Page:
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We'll build a model to gain a better understanding of how the landforms can change over time. Plaster of Paris or clay is good for making models of land. We'll build ours in a large, very deep pan.

The model should depict various levels of landforms (hills, valleys, river beds, lakes, etc.), but the greatest height should not be higher than the side of the pan.

After the plaster has hardened, slowly pour water into the pan. Some of the hills will become islands, shorelines will change, and some areas will be flooded. (This is very similar to the changes in landforms that occur when a dam is
built and a reservoir is created by flooding a natural valley.)

What is seen is much like the trailing edge or submerging portion of a continent.

Use a drinking straw to dip out the water. What is seen now is similar to the leading or emerging edge of a continent.

As an extension of this activity, you can develop a contour map of the land model. To do this, hold a ruler vertically against the bottom of the pan and pour in water until it reaches the a depth of 1/2 inch.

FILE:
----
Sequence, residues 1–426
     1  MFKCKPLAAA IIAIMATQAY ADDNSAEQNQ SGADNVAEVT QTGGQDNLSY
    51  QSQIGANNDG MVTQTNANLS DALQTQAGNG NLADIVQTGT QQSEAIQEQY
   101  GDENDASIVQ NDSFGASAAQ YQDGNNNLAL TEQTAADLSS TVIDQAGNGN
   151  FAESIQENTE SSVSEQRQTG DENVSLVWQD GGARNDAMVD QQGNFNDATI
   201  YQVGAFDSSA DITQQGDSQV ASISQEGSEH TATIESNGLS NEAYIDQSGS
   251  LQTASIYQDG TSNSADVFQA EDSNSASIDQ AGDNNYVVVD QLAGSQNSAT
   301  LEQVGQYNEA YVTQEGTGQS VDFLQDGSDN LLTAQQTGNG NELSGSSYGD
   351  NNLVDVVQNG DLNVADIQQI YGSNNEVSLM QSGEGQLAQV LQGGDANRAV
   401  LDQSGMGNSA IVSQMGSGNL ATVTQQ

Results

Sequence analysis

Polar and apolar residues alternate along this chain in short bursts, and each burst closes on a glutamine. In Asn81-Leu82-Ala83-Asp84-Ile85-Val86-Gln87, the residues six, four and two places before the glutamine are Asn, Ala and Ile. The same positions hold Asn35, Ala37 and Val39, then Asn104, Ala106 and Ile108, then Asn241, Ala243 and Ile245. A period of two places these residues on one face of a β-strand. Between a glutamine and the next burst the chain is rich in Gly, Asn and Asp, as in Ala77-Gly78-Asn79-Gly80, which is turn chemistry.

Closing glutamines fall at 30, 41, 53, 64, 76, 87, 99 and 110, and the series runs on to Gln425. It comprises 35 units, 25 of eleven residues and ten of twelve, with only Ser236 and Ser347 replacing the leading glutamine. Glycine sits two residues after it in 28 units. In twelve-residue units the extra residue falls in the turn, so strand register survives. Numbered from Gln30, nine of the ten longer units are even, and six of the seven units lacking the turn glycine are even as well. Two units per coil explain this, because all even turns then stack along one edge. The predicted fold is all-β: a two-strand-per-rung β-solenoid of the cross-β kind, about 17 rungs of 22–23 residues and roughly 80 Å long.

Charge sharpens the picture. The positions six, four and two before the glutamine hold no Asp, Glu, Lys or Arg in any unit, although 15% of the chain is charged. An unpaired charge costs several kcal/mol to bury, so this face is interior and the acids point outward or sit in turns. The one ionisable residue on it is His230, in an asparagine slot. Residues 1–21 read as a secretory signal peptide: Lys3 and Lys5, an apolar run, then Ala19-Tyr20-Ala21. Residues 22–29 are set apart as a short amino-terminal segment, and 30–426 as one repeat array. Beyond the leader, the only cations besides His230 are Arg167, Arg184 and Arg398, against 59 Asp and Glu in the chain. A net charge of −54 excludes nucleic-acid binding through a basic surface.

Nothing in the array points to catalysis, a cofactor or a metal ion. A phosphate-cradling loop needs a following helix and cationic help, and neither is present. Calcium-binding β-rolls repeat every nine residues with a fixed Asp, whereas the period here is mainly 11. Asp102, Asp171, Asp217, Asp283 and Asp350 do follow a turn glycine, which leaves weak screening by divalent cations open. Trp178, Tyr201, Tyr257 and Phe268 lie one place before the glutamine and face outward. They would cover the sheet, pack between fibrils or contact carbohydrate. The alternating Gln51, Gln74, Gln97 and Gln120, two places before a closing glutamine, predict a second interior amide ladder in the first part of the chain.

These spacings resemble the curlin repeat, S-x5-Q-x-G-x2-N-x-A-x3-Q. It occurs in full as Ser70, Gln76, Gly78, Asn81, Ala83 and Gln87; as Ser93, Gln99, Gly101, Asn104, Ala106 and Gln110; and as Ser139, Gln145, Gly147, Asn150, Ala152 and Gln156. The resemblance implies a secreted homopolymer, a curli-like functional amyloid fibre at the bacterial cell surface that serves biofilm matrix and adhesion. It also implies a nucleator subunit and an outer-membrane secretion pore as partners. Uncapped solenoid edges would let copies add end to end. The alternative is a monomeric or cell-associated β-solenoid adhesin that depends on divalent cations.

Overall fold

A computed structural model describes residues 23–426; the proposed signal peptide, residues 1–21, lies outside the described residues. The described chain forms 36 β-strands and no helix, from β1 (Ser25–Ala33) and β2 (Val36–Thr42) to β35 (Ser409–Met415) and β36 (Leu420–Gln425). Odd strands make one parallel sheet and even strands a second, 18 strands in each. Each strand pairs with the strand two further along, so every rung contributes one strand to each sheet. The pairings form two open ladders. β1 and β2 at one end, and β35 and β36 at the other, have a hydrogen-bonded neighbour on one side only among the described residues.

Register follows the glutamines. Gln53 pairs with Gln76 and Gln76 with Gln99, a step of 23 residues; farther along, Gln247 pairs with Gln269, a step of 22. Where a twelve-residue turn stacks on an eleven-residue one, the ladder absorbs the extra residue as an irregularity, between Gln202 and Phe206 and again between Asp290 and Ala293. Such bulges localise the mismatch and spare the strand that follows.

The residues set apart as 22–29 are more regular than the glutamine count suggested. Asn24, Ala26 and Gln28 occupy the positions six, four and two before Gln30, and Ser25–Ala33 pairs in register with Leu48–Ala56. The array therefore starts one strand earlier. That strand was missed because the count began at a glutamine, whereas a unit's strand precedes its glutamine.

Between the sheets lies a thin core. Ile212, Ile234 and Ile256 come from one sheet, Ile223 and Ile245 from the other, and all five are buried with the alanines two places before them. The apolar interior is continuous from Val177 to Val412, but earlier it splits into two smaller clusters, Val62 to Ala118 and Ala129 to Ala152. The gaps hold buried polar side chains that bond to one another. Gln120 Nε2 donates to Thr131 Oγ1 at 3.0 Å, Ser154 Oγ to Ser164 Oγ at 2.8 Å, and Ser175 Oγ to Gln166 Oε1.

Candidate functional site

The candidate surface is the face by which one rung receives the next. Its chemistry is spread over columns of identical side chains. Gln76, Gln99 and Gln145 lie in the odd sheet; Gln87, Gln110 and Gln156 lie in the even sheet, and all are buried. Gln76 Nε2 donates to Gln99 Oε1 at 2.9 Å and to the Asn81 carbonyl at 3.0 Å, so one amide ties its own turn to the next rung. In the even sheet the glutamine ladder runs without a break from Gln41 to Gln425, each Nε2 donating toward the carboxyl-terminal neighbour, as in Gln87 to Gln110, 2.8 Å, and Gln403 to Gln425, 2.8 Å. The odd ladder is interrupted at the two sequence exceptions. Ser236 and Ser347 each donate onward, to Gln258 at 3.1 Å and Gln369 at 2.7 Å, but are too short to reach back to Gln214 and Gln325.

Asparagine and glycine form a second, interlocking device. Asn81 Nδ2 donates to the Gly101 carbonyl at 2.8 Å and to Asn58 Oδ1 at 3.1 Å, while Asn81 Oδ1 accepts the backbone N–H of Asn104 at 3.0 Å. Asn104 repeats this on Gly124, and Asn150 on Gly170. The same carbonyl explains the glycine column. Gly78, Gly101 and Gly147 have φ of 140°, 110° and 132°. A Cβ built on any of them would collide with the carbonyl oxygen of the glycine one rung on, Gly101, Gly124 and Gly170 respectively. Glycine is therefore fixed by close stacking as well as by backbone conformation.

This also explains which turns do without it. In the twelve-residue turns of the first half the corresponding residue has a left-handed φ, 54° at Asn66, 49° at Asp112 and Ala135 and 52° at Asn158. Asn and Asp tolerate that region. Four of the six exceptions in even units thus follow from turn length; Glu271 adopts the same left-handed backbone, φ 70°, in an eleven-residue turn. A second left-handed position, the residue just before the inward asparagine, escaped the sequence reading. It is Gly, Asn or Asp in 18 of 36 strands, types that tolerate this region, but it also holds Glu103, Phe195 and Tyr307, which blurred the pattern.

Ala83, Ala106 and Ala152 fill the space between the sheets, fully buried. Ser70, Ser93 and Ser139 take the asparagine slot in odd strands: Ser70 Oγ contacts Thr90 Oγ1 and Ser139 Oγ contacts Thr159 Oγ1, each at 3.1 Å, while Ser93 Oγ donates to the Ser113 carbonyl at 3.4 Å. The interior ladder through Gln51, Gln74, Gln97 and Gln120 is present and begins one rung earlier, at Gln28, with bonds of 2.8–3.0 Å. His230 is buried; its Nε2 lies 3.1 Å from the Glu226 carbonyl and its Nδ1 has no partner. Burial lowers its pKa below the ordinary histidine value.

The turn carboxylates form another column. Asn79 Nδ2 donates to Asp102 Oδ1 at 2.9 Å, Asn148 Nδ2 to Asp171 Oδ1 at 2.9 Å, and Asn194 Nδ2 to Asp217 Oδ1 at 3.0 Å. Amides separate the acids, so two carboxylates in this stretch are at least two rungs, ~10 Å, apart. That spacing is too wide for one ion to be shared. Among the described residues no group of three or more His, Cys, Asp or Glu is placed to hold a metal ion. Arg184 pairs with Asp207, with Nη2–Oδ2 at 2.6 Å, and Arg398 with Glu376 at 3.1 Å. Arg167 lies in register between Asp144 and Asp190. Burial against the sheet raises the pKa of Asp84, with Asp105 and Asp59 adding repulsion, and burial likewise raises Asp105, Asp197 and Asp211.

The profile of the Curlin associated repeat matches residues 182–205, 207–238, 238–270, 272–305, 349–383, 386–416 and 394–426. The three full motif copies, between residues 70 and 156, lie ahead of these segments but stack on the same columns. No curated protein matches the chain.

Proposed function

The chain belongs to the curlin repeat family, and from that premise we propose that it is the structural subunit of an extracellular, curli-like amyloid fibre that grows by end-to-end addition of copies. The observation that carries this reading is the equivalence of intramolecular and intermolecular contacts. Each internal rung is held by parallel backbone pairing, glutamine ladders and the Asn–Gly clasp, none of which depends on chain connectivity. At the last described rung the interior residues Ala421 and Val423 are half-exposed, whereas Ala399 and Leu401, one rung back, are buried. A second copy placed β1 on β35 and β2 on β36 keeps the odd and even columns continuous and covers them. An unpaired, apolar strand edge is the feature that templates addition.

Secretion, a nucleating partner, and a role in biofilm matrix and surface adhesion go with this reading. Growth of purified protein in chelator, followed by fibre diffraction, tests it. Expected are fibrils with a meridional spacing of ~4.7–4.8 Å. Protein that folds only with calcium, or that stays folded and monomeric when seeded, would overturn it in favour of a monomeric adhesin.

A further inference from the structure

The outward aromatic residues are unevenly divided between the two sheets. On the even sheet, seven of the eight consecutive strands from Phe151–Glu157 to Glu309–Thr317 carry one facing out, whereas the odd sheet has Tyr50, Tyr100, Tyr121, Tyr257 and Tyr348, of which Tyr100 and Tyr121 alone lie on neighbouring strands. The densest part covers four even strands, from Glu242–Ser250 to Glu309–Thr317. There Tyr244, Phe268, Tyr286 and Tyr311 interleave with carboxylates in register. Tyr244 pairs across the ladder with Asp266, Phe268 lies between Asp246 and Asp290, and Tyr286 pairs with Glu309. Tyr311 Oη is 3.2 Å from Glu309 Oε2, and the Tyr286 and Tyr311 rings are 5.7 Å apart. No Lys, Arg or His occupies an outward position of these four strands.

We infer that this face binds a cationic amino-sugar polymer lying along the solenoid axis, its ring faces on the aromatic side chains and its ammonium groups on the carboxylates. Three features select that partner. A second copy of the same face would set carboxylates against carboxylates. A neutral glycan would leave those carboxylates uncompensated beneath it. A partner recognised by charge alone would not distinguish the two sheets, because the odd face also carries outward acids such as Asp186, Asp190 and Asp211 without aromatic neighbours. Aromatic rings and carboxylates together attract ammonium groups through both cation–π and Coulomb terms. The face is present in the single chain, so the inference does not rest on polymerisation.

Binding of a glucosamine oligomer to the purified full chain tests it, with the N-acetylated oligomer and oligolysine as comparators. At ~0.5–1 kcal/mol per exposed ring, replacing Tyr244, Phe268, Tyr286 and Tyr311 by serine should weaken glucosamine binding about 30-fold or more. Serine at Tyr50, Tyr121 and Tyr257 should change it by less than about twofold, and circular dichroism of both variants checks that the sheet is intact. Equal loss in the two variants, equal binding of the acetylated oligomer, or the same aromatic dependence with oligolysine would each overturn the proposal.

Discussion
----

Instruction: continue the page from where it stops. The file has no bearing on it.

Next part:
Now, with a soft pencil, mark the water level in a continuous line wherever the water touches the land. When you are finished, add another half inch of water, and mark again. Repeat until the highest part of the model is submerged.

When the water has been poured off, look straight down on the model and draw a picture of the lines just as you see them. The water levels can be marked on the lines. From your picture, you will be able to tell the heights of each
hilltop, which way rivers flow, where level areas are, and which slopes are steepest.

If possible, compare your picture with geological survey maps. The "picture" you have made is actually a contour map, which geologists use for many purposes.

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